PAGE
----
Of the two, the Maxima needs the most help. Reflecting the nation-wide trend among buyers toward crossovers and away from sedans, the Maxima’s sales have dropped precipitously in 2018. The Murano, on the other hand, is on a path to increase sales.

MikeDitzPhoto.com

The Maxima competes in the near-luxury, large car class, although like Toyota’s Avalon, it actually is classified by the government as a midsize car.

From a performance standpoint, the Maxima doesn’t need a thing. It is powered by a 300-hp, 3.5-liter V6 engine with 261 lb-ft of torque delivered to the front wheels through Nissan’s Xtronic continuously-variable automatic transmission (CVT). The combination earns a city/highway/combined fuel economy of 20/30/24 mpg.

Some critics deride CVTs, which have no shift points, as noisy and sluggish. But Nissan arguably has more experience with them than any manufacturer and it shows on the Maxima. Throttle response is quick, smooth and powerful. Also, the Maxima handles curving roads like a sports sedan. Straight-line cruising is quiet and effortless with few steering corrections needed.

2019 Nissan Maxima-16The new appeal is mostly about appearances, especially on the tested top-line Maxima Platinum with the Reserve package, though there are safety enhancements as well. With a bottom-line sticker of $43,835, it was loaded with the full 2019 package of safety and luxury enhancements.

One is Nissan’s new rear door alert. The system notes if you open a rear door to stash a package — or a child — in the back seat. At the end of the trip, if you leave without re-opening the back door, it will sound the horn.

Other freshening included Nissan’s V-Motion styling, which sends body lines flowing from the distinctive grille up and over the body. LED headlights and taillights punctuate the styling and augment interior color schemes and accents. The taillights give the impression of width and streamlining.

2019 Nissan Maxima-13The Maxima’s Reserve package, with a $1,140 price tag, includes heated rear seats, 19-inch aluminum alloy wheels, “Rakuda tan” leather upholstery with diamond-quilted seating areas, two-tone leather covered steering wheel, charcoal headliner and pillars, and satin bronze interior trim.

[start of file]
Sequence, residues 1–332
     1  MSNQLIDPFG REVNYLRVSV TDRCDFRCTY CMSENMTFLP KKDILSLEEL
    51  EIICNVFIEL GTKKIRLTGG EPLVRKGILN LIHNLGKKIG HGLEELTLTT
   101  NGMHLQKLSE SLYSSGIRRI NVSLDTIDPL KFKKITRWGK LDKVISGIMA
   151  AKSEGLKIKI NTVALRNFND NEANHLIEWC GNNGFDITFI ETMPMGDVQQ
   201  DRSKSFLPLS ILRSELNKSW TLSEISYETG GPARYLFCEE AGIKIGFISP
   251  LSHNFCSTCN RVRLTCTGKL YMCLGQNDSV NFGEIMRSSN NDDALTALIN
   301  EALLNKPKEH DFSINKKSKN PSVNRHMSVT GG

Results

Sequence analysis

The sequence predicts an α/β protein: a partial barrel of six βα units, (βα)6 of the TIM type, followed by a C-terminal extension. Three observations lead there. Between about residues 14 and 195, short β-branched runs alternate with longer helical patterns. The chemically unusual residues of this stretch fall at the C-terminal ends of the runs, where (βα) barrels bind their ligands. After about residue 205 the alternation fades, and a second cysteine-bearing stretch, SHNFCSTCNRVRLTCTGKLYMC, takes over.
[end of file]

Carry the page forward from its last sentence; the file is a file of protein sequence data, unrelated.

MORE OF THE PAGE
Similarly, the Murano moves closer to luxury territory with new colors like its rusty-shiny “Sunset Drift Chromaflair.”  Along with the Maxima, it also incorporates the company’s Safety Shield 360, which includes automatic emergency braking, rear braking, lane-departure warning, rear cross-traffic alert and blind-sport warning. One apparent shortcoming: there’s no mention of lane-departure assist.

2019 Nissan Murano_F1-10Though not as powerful as its sibling Maxima, the Murano contains enough oomph to avoid embarrassment in the stoplight sprints or on the freeways. Its 3.5-liter V6 engine makes 260 hp with 240 lb-ft of torque, delivered to the front wheels or all four wheels through the Xtronic CVT.

The version tested for this review was the mid-priced SV trim level with front-wheel drive. It had a base price of $35,485 and, with a modest list of options, checked in at $39,230. Add $1,600 if you want all-wheel drive. Fuel economy is rated by the EPA at 20/28/23 mpg.

2019 Nissan Murano_F1-24Handling, of course, is not as crisp as the Maxima’s but the Murano acquits itself well, with little body roll, on twisting mountain roads. Its forte, however, is more attuned to quiet, straight-line cruising with the audio cranked up and the kids on their video games with earphones.